NPC19 was a pivotal conference. I facilitated an informal panel discussion with prominent art and culture leaders from the Bay Area. Additionally, the opening keynote illustrated the power of art. Social justice advocate and violinist Vijay Gupta shared his experience of bringing joy to the homeless in Los Angeles' Skidrow through the power of music.
Jen's innovative approach and dedication garnered her the 2020 APA President's Award — a distinction made biannually to one planner out of 40,000 members. At this time, Jen asked me to lead the Arts and Planning Interest Group. It was an offer I was not able to refuse.
At NPC19, the Arts and Planning Interest Group held a social at 111 Minna Gallery featuring a discussion about cultural planning and cultural spaces with Moy Eng, executive director of Community Arts Stabilization Trust; Vanessa Whang, culture/change consultant; and Roberto Bedoya, director of Cultural Affairs for the City of Oakland.
Arts Division Enriches APA's Future Direction
Unfortunately, COVID-19 impacted our initial plans. It took about two years until APA's board approved our petition to become the 23rd division.
Our long-range vision aligns with APA's idea of having a just and equitable planning profession. One where arts and culture are integral parts of a thriving community. Our mission is clear: Transform the planning profession through arts and culture.
This milestone has created positive excitement and hope for the future of APA. President-elect Angela Brooks, FAICP, believes that "any truly cultural approach to planning must include the arts. The arts have been an important part of communities since the beginning of time and help tell the story of a community and preserve its history."
The formation of the division according to APA CEO Joel Albizo, FASAE, CAE is an avenue "to help the profession increase its impact, and to address our members' needs in a rapidly changing world."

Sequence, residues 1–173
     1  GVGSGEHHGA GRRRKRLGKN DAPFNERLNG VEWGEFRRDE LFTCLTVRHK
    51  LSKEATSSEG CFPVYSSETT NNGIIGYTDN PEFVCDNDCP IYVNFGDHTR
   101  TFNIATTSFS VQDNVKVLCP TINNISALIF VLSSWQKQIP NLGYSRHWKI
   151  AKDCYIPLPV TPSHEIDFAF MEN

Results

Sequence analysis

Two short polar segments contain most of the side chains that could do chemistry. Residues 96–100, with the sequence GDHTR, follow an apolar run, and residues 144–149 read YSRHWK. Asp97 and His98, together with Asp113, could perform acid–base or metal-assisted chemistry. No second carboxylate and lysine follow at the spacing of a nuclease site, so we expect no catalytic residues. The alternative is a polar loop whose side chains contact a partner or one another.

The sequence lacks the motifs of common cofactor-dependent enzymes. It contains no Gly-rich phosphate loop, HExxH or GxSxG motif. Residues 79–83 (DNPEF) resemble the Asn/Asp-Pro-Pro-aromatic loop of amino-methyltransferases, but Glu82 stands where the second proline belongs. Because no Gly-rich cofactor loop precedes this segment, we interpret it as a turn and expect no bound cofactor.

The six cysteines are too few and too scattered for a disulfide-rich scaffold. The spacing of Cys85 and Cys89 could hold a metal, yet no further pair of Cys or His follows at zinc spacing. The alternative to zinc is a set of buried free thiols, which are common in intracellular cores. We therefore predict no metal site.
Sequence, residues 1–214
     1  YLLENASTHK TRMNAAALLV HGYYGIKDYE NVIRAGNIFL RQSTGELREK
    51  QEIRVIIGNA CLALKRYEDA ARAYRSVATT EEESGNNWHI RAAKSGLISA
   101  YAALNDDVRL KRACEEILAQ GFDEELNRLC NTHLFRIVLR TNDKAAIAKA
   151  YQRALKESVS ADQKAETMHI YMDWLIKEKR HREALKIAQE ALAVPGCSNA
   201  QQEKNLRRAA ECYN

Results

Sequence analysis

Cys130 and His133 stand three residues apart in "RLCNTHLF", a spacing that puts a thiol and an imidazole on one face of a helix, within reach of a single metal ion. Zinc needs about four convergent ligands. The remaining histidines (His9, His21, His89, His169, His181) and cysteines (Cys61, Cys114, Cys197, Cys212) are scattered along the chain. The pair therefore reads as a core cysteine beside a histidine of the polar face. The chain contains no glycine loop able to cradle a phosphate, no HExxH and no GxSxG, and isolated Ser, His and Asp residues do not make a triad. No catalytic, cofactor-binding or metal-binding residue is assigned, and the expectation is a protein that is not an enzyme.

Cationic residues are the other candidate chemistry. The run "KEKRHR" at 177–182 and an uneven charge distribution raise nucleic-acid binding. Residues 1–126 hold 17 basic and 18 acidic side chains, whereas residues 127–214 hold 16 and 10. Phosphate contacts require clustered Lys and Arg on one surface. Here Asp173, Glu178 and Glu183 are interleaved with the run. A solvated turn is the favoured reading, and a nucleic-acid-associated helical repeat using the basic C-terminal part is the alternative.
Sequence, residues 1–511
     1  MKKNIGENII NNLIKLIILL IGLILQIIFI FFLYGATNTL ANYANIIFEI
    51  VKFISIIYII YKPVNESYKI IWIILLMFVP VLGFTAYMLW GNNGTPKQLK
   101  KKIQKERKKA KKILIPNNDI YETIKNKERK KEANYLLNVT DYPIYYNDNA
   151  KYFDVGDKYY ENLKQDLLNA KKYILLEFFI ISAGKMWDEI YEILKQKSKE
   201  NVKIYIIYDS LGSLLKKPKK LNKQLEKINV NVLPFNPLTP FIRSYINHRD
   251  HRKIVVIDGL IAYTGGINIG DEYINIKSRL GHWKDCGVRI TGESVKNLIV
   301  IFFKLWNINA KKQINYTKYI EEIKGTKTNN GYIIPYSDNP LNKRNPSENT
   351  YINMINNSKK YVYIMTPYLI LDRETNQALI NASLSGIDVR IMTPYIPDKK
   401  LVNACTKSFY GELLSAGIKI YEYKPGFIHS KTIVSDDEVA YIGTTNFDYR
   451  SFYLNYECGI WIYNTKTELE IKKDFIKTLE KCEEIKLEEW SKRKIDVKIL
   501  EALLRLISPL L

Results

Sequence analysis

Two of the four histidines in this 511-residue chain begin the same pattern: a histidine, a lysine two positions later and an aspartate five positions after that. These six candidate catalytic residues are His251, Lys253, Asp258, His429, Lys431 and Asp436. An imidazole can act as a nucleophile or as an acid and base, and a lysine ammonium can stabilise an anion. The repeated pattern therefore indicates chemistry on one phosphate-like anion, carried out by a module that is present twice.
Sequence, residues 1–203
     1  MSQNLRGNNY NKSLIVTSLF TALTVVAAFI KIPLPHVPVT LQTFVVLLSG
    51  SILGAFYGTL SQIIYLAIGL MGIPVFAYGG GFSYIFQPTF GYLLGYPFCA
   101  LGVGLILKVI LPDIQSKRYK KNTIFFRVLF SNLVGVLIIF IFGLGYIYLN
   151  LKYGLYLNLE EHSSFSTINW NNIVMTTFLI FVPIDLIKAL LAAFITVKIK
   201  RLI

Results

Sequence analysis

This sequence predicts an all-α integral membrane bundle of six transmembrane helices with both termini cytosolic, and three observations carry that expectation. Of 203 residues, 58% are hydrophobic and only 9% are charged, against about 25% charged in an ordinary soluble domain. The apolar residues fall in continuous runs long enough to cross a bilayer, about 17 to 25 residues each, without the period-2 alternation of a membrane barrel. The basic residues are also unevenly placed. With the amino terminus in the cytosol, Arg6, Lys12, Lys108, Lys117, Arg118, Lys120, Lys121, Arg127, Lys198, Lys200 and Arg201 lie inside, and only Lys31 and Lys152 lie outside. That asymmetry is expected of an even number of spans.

APA President Leo Asunsion, Jr., AICP, also sees the critical role that this division will play as APA continues to evolve in a more complex playing field. "Looking at planning through the lens of arts and culture — or using arts and culture in planning — advances equity, diversity, and inclusivity, which is critical to our profession and a priority for APA."
"For me, this highlights what myself and colleagues have known for years, that planners find value in engaging in the arts. The arts are very much a part of planning for and building out whole and healthy communities regarding culture, history, and creative expression."
— Patricia Walsh, director of Creative Community Advancement at Americans for the Arts and Arts & Planning Division board member.
My deep gratitude goes to many for their support along this journey. In addition to those mentioned above, I'd like to acknowledge a few others for their involvement and dedication: Sakina Khan; Mark VanderShaaf; Maggie Kraus; Ethan Ellestad; Dr. Annis Sengupta; Leonardo Vazquez, AICP; Mike Welch; Suzanne-Juliette Mobley; Jessica Wallen; Patricia Walsh; Julie Burros, AICP; Cheryl Derricotte, AICP; and Brittany Delany.
The Arts & Planning Division's mission is to transform the planning profession through arts and culture.
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Top Image: Millennium Park Fountain, Chicago, by Vanessa Smetkowski (CC BY-NC-ND 2.0)
About the author
Miguel A. Vazquez, AICP, is chair of the Arts & Planning Division.